NEW YORK — Margin pressures in the back half may slow the momentum at Brown Shoe Co., analysts said last week.
“The company had a solid quarter for all intents and purposes. Comps were stronger, and wholesale was stronger, but they were coming at the expense of higher investment in things like marketing and shipping product overseas,” said Susquehanna Financial analyst Christopher Svezia.
“There’s a whole plethora of margin issues here,” he added, referring to supply cost pressures emerging from China.
Sterne Agee analyst Sam Poser agreed: “Their futures orders are good and their wholesale figures are strong, but there are a lot of moving parts right now.”
Analysts added that such uncertainty may have been what caused Brown Shoe’s stock price to fall about 14 percent in trading last Wednesday, after the company reported second quarter net earnings of $5.3 million, or 12 cents a share, compared with a net loss of $4.2 million, or 10 cents, in the same period a year earlier.
“We delivered solid results in the second quarter [and] continue to believe that we’re well-positioned to drive the favorable momentum into the back half of the year,” said Diane Sullivan, president and COO.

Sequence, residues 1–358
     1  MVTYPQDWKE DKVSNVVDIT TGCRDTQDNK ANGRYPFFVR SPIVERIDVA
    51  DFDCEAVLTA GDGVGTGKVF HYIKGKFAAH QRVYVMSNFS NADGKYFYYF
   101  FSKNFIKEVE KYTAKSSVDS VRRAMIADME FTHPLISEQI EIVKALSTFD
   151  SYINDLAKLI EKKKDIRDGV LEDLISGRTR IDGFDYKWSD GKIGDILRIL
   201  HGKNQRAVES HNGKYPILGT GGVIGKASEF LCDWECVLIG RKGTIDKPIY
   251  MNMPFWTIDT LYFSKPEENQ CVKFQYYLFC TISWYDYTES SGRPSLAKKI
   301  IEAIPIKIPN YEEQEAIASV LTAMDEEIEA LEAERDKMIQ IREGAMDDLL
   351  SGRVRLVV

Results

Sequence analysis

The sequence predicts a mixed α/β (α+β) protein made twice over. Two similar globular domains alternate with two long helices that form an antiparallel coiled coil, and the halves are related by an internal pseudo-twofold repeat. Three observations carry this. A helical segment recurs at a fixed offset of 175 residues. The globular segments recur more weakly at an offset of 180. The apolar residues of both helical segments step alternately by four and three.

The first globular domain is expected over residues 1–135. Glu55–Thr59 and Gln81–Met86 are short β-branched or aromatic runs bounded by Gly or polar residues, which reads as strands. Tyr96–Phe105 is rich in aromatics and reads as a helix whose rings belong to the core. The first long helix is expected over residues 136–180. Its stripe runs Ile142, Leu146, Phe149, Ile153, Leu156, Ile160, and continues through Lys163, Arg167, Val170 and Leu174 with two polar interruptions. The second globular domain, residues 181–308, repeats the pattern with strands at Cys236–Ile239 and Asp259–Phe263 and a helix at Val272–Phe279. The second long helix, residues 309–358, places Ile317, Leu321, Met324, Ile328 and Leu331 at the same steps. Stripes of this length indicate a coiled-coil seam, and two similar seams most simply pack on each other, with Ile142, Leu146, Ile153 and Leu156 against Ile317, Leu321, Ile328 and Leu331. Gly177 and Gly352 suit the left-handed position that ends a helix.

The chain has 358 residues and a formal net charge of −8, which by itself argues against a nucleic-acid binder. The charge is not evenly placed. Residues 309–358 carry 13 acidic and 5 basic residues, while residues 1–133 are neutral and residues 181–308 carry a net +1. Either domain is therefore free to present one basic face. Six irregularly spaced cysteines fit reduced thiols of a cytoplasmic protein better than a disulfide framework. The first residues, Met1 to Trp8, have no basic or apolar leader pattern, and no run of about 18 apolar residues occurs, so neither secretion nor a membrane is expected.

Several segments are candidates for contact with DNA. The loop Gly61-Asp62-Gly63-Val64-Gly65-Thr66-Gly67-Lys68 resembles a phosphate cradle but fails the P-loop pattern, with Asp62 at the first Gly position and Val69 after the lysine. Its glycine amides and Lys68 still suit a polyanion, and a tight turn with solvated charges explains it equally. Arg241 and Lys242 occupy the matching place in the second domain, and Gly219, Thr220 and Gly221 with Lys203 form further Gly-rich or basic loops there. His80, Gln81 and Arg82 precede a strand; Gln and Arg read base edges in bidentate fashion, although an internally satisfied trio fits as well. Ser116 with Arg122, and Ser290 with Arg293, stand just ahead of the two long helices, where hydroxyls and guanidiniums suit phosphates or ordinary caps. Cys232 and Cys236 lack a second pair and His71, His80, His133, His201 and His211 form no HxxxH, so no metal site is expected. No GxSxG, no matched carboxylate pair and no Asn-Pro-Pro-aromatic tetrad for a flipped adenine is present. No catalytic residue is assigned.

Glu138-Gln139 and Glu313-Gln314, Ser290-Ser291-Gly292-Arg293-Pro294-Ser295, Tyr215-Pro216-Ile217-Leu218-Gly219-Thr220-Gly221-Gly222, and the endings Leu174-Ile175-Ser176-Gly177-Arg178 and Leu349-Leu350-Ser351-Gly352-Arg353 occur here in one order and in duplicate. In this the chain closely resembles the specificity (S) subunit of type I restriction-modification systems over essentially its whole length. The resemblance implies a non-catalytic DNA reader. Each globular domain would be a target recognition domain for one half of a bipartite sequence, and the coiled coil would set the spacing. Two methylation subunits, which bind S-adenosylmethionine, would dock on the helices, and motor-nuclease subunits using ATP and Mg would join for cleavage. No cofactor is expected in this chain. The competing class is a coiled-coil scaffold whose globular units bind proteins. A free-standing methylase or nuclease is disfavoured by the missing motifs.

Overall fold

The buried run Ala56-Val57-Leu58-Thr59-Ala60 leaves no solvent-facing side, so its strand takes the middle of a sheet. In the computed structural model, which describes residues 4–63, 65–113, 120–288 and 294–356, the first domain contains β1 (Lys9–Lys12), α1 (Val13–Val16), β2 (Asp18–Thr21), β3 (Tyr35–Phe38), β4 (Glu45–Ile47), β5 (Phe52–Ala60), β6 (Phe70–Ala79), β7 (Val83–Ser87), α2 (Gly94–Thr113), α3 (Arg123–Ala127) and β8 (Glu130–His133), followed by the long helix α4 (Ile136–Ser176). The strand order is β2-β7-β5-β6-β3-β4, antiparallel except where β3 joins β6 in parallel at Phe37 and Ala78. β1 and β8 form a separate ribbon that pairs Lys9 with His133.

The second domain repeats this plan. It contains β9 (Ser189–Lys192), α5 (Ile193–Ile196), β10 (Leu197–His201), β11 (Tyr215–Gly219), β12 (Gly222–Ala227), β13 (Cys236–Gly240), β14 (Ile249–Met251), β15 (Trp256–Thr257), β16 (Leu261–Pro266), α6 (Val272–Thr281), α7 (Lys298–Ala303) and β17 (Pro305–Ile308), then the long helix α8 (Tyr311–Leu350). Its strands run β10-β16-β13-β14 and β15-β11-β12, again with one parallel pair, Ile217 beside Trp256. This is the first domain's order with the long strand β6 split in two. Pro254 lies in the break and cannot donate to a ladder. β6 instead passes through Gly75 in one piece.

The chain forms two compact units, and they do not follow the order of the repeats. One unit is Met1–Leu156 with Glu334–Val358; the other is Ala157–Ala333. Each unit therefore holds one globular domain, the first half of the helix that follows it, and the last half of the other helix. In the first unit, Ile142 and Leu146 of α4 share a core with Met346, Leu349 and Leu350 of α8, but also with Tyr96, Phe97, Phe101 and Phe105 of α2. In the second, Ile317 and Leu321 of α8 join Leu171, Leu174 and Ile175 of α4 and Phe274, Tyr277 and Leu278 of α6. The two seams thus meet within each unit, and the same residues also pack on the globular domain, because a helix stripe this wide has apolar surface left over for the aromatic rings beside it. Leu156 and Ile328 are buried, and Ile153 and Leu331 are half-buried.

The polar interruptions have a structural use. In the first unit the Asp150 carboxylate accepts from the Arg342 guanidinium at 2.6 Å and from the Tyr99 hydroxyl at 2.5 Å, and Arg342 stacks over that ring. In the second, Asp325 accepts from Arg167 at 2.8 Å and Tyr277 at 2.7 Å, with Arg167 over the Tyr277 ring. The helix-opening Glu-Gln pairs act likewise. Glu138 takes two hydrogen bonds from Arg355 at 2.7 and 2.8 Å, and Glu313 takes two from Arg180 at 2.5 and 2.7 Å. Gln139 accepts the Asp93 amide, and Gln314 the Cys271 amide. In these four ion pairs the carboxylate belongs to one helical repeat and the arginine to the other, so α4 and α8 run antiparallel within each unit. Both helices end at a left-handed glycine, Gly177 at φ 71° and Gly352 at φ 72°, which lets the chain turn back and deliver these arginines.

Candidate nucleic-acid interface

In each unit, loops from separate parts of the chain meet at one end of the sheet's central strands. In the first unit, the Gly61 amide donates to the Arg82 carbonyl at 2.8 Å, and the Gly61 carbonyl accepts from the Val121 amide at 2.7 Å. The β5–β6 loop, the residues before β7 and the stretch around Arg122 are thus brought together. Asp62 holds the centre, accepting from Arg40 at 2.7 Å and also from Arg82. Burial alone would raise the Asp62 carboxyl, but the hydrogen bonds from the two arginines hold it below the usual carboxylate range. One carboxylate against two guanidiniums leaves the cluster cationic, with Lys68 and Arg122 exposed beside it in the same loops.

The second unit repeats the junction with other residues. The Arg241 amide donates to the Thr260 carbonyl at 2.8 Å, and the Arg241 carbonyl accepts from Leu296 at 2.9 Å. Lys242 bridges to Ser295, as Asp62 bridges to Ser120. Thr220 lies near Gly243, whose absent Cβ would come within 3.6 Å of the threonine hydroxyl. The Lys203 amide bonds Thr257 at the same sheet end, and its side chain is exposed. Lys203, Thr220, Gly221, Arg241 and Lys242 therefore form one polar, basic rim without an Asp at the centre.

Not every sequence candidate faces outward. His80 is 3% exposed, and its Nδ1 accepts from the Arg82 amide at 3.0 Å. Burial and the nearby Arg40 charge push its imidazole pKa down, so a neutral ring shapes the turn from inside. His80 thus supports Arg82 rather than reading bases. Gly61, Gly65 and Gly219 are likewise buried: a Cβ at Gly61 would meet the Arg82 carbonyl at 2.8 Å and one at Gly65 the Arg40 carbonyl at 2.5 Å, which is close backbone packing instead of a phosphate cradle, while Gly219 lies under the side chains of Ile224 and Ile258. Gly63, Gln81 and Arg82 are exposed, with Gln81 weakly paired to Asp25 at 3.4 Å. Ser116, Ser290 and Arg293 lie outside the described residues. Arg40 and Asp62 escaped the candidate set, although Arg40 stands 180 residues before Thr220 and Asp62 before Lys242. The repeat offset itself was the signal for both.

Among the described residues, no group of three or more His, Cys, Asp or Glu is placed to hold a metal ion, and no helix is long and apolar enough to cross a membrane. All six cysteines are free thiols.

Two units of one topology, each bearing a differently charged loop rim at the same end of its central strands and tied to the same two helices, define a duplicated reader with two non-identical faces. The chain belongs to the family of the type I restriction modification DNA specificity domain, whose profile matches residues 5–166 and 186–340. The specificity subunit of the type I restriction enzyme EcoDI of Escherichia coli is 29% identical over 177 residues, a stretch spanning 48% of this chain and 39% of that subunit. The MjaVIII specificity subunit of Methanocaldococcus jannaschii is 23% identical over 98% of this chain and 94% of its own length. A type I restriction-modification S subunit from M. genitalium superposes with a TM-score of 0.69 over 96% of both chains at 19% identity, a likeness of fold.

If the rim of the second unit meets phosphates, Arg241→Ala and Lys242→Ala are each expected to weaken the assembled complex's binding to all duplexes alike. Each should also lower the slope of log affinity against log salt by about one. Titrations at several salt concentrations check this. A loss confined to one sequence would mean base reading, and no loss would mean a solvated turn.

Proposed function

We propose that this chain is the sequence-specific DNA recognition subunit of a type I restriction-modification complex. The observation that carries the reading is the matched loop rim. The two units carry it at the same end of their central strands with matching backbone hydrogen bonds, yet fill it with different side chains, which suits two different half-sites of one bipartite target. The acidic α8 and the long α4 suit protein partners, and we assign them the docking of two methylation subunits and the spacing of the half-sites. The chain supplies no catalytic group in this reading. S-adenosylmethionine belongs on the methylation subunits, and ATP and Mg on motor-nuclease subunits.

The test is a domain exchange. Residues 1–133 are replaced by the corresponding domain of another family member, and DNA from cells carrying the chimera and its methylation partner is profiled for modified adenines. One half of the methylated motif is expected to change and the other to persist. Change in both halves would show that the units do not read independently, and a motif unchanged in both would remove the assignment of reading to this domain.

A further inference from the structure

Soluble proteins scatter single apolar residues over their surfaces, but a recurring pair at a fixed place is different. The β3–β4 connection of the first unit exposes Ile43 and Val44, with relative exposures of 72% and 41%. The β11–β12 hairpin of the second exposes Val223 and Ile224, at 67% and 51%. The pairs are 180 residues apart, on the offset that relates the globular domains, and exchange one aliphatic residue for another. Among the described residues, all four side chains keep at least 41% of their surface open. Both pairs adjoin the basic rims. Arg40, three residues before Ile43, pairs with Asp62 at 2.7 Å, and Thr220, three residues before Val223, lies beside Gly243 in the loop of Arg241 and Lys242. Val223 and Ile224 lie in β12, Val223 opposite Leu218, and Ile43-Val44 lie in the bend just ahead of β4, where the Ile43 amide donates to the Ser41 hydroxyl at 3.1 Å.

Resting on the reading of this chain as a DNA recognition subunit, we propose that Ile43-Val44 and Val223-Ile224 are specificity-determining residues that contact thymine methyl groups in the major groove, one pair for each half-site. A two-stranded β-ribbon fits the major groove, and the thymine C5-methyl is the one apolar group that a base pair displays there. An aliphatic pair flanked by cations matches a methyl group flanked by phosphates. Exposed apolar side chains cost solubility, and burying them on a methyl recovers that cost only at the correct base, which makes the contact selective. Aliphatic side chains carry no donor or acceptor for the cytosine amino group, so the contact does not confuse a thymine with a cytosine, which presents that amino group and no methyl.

Brown Shoe Chairman and CEO Ron Fromm said in a conference call with analysts the company “had an encouraging start to back-to-school with double-digit comps in the early markets.”
And SVP and CFO Mark Hood noted that the firm expects third-quarter net sales to increase in the low teens, and consolidated net sales for fiscal 2010 to grow in the low double digits.
Net sales for the period ended July 31 increased 15 percent to $585.8 million, from $511.6 million, buoyed by less promotional activity, as well as a 20 percent increase across the firm’s e-commerce platform.
Famous Footwear revenue increased 11 percent to $347.3 million, driven by an 11.8 percent same-store sales increase. Wholesale revenue rose 26 percent to $178.6 million, while sales from the specialty retail division totaled $59.8 million, reflecting a 6.8 percent same-store increase.
While sales are expected to continue accelerating in the back half of the year, so are selling and administrative expenses, which were up $8.7 million in the second quarter. The company forecast expenses to total roughly 38 percent of net sales for the full year.
Brown Shoe had cash and cash equivalents of $30.7 million at the end of the quarter, after investing $32.7 million in cash and $7.3 million in stock to complete the Sam Edelman acquisition in June. Long-term debt stood unchanged at $150 million.